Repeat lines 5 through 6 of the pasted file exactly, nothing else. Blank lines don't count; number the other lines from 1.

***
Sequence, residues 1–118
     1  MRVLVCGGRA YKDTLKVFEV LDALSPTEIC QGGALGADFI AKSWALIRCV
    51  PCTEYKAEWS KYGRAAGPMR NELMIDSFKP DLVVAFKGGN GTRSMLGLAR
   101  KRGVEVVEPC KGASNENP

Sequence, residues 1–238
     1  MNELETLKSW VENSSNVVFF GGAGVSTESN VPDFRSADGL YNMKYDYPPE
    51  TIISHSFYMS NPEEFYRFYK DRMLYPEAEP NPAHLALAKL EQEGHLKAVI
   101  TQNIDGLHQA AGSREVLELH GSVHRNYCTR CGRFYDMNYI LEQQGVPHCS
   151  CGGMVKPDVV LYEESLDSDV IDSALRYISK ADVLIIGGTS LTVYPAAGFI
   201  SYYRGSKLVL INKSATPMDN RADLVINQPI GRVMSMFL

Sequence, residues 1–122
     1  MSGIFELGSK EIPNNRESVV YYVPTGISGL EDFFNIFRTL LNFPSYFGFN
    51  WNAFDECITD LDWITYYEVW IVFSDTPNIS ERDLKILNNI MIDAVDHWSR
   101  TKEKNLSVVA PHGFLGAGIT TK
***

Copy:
Sequence, residues 1–238
     1  MNELETLKSW VENSSNVVFF GGAGVSTESN VPDFRSADGL YNMKYDYPPE